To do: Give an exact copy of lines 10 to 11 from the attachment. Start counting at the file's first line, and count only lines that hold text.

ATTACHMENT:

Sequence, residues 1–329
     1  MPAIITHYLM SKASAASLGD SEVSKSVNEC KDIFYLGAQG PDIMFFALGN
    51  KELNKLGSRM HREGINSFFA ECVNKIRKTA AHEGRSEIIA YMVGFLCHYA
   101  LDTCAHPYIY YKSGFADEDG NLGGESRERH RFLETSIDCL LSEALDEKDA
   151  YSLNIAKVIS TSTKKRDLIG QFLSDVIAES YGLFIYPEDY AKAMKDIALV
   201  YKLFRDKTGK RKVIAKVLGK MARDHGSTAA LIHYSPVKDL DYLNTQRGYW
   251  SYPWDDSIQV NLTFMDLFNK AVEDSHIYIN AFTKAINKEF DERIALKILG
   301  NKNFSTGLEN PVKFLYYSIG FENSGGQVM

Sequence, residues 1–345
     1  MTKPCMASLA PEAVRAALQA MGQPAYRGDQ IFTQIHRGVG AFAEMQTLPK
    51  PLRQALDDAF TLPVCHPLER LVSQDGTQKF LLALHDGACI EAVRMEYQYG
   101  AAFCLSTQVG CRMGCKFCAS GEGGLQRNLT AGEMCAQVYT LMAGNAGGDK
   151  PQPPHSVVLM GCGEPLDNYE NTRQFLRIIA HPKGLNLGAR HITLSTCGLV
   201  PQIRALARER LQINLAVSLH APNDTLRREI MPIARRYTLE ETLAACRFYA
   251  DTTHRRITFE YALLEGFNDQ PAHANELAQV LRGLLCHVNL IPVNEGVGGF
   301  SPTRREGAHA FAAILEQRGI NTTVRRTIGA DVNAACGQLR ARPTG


     1  MTKPCMASLA PEAVRAALQA MGQPAYRGDQ IFTQIHRGVG AFAEMQTLPK
    51  PLRQALDDAF TLPVCHPLER LVSQDGTQKF LLALHDGACI EAVRMEYQYG